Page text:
Skin Substitutes and Wound Healing: Current Status and Challenges

David Eisenbud, MD, CWS; Ngan F. Huang, BS; Sunny Luke, DSc; Melvin Silberklang, PhD

Disclosures

Wounds. 2004;16(1) 

In This Article

Rationale for the Use of Cell-Based Skin Substitutes in Chronic Wound Therapy

While autologous tissue transfers can be highly effective in securing wound healing, such procedures (e.g., grafts and flaps) are invasive, painful, and expensive, and are not within the purview of many wound care practitioners. In practical terms, skin substitutes represent artificial, off-the-shelf alternatives to skin grafts that avoid the pain and potential complications of harvesting, are always available in any quantity needed, and can be applied in an office setting. The ideal skin substitute would adhere quickly to the wound and would, during its residence in the wound bed, mimic the physiology and some of the mechanics of normal skin. It would be inexpensive, not subject to immune rejection by the host, and would be highly effective in accelerating tissue regeneration and wound repair.

Unfortunately, this ideal skin substitute has not yet been achieved, and expectations for such a product may be unrealistic. Nevertheless, some very useful products have been developed that do provide many of the desired clinical characteristics. In order to be available off-the-shelf, these products rely on the use of donor allogeneic cells. Allogeneic skin substitutes do not provide cells that persist on the recipient site long term. Deoxyribonucleic acid (DNA) analyses of biopsies of healed wounds after application of a living skin equivalent (LSE) (Apligraf®, Organogenesis Inc., Canton, Massachusetts), for example, have demonstrated one-month persistence of allogeneic cells in only a minority of venous ulcer patients, and the complete disappearance of these cells by two months post-application.[15] In the case of chronic wounds, therefore, the goals of skin substitute therapy have evolved away from providing an immediate new skin towards the more reasonable goal of providing a temporary biologic dressing that accelerates skin tissue regeneration and wound healing by stimulating the recipient's own wound bed-derived skin cells.[16]

The mechanisms by which bioengineered skin substitutes aid wound repair are not completely understood, but may range from maintenance of a biochemically balanced moist wound environment to structural support for tissue regeneration and/or the provision of beneficial cytokines and growth factors to the wound bed. The FDA has regulated skin substitute products as medical devices and has not required extensive elucidation of their therapeutic mechanisms. As knowledge of the myriad cellular events involved in the wound healing cascade increases, dozens of molecular mediators (growth factors) have been found to be involved in wound repair.[17,18] One hope implicit in the use of any cell-based wound therapy, as opposed to exogenous growth factor therapy, is that cells applied to the wound surface are "smart" and will bathe the wound bed with balanced cocktails of such mediators appropriate for the particular physiology of the wound environment that is sensed. For example, incubation of cells derived from biopsies of venous ulcers in conditioned medium supernatant from human fibroblast cell culture induces a highly significant increase in skin cell proliferation, and this effect has been correlated with levels of several cytokines.[19] There is mounting evidence that a bioengineered skin substitute is indeed acting as an interactive "drug" delivery system.[20] Mansbridge, et al., for example, have reported that the viability and metabolic activity of the cellular component of a cellular skin substitute is essential for therapeutic efficacy and have proposed that this is due to the need for ongoing cytokine expression in the wound bed following application.[21] Osborne and Schmid[22] have used measurements of matrix metalloproteinases (MMPs) secreted by the epidermis and dermis of LSE to show that the individual layers of bioengineered skin sense their environment and secrete MMPs in different quantities and ratios depending upon their environment.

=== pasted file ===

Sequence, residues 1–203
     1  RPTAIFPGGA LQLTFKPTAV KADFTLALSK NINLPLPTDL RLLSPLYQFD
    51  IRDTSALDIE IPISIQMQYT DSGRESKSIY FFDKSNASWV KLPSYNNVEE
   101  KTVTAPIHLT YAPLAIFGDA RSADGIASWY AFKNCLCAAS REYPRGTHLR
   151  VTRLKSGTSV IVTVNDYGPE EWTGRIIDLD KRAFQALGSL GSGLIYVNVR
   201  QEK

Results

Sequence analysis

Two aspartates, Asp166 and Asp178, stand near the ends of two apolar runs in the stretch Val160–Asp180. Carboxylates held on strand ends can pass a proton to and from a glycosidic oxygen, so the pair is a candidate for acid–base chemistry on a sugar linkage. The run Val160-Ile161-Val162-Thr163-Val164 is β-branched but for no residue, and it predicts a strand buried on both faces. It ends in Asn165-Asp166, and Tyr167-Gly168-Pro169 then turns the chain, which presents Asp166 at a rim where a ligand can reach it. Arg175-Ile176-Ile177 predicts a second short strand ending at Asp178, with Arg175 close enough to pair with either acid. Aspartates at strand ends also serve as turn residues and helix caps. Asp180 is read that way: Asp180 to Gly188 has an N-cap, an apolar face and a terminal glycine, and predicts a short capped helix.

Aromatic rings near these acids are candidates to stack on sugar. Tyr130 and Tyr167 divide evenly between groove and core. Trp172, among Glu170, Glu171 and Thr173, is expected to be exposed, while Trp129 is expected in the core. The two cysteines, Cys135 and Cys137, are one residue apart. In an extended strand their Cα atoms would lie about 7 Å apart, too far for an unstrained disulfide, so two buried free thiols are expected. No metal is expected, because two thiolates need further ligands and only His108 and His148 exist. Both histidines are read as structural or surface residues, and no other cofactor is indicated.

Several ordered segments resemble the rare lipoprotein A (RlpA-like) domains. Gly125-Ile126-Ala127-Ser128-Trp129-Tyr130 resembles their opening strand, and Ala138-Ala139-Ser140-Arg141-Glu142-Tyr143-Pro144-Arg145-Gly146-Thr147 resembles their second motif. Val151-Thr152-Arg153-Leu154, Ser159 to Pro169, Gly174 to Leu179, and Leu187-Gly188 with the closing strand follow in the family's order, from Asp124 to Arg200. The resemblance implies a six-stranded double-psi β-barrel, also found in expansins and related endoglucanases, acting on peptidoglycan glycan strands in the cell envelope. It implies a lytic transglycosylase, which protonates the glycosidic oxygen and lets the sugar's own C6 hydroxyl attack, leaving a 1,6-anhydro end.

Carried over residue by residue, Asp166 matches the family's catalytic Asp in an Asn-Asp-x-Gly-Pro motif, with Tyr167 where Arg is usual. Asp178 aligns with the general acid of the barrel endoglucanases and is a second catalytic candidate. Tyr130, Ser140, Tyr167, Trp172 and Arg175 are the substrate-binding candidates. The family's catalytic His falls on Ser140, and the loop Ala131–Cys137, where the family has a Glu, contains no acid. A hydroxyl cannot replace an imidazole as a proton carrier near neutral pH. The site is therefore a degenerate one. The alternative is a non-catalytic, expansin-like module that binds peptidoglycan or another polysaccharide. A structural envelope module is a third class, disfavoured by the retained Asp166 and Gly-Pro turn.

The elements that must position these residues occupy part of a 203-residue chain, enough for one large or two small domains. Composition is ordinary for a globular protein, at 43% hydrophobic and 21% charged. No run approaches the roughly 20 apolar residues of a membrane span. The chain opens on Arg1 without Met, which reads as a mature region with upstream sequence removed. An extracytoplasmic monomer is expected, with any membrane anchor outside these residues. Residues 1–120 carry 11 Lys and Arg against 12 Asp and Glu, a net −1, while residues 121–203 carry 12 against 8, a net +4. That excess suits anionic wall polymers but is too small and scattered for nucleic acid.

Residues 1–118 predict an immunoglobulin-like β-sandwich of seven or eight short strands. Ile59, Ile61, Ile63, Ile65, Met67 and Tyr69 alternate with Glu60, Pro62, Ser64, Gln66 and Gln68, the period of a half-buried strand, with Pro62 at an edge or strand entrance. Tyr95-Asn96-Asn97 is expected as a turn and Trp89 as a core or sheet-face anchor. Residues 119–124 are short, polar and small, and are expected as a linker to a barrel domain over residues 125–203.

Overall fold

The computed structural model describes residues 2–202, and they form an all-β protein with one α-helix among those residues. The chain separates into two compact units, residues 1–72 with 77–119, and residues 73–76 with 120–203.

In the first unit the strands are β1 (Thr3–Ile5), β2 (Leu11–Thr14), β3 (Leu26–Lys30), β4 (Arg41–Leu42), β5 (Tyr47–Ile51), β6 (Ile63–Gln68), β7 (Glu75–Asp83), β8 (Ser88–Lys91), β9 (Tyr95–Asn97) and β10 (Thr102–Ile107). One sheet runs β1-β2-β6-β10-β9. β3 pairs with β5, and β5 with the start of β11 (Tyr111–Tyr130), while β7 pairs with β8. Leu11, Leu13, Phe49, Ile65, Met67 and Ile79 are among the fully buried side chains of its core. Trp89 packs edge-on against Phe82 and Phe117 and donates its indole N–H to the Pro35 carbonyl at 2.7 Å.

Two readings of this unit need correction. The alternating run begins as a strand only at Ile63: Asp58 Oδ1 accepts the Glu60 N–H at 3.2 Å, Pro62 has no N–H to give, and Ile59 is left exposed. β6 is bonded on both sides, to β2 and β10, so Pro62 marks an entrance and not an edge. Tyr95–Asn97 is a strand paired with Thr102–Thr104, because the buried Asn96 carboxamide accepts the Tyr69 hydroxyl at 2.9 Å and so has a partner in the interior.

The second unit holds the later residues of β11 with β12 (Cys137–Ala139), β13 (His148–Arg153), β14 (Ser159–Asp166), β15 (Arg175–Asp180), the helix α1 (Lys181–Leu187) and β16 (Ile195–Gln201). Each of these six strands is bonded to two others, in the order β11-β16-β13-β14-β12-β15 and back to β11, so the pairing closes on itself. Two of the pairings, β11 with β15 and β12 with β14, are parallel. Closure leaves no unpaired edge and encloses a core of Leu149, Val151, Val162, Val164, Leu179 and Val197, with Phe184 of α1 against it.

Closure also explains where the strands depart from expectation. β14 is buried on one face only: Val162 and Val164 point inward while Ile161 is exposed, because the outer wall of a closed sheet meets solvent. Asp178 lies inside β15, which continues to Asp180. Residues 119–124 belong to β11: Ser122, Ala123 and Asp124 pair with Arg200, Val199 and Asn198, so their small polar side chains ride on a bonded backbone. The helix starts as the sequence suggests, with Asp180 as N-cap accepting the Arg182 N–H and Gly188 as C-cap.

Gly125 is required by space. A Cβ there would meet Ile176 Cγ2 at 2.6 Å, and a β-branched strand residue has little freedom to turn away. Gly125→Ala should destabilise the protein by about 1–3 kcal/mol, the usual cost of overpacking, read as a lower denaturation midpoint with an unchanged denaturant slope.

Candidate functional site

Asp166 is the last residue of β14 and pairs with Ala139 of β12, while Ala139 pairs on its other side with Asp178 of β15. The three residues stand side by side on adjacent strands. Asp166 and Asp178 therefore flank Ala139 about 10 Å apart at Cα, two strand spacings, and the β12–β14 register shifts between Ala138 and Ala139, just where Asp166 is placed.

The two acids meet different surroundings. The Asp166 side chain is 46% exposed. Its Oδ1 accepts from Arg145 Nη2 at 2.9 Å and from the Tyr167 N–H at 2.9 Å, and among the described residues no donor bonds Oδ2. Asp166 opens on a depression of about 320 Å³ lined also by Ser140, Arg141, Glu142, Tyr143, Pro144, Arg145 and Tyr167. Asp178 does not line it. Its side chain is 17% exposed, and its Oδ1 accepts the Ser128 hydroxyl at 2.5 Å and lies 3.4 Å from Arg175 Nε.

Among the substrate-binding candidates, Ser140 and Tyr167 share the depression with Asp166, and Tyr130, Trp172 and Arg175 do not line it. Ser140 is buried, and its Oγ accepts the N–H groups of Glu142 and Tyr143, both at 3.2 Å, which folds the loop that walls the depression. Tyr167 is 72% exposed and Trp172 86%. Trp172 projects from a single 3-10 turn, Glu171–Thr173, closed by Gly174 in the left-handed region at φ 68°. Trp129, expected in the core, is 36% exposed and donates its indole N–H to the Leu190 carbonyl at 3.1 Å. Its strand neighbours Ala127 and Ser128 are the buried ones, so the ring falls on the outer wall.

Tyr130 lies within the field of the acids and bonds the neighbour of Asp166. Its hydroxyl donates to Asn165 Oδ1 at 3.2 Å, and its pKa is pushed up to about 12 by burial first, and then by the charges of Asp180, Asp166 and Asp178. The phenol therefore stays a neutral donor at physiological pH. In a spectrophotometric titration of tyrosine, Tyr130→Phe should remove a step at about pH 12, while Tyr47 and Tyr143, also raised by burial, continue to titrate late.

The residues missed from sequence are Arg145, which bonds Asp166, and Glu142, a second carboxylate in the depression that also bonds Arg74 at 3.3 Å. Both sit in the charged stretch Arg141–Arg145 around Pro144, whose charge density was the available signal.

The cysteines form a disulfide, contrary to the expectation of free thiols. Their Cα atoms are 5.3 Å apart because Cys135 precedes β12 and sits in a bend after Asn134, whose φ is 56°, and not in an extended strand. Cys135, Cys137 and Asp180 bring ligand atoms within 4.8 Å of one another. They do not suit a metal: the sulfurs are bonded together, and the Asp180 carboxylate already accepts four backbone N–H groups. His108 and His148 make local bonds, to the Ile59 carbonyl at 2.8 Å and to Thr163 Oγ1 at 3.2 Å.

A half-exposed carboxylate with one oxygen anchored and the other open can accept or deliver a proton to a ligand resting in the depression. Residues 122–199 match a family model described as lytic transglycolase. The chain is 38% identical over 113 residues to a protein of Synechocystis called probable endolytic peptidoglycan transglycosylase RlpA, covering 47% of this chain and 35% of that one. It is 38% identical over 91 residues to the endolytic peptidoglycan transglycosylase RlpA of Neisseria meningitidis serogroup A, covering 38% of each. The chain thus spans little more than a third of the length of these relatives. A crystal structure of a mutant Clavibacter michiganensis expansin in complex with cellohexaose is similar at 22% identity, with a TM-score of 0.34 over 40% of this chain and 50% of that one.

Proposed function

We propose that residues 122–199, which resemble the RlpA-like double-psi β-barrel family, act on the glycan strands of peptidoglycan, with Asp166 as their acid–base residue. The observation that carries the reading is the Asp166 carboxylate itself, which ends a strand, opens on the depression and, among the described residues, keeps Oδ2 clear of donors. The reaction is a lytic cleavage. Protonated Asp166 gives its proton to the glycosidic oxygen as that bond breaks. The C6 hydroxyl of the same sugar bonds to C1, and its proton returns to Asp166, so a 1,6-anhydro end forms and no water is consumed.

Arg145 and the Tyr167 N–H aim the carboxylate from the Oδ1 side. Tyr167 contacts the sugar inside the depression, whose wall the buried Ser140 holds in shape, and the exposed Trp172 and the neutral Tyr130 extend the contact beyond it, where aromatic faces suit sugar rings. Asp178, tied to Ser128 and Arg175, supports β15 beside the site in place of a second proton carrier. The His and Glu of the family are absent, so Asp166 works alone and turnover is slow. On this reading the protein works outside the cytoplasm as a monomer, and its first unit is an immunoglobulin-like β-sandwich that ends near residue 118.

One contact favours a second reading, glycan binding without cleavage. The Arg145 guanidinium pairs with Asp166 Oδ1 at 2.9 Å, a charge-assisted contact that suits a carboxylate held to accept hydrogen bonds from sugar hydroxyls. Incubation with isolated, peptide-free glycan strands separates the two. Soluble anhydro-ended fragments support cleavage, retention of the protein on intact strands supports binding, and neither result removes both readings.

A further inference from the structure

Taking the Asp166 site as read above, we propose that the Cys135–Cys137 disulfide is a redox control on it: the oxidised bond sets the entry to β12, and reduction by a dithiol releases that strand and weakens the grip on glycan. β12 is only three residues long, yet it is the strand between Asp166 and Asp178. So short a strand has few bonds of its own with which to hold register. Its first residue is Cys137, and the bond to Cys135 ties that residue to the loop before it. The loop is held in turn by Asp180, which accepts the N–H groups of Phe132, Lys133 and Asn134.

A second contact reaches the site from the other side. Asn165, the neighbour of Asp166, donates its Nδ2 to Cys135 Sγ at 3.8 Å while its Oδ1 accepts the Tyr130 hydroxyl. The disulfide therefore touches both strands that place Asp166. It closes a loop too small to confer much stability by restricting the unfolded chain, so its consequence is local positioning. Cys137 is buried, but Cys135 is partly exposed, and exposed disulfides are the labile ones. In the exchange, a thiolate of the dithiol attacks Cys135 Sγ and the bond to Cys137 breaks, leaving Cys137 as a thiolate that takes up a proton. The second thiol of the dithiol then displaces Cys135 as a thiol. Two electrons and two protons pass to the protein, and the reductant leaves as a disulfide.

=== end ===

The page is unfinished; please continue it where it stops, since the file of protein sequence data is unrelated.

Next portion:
While the end point of wound closure is the most intensely studied, there is also increasing focus upon the quality of the healed wound. Cell-based wound therapies, such as cellular skin substitutes, have the potential to reduce wound contraction and to influence the nature of the final healed tissue; indeed, there are reports to indicate an additional benefit of skin substitute therapy in leading to a healed wound with properties that more closely resemble those of normal uninjured skin.[23]

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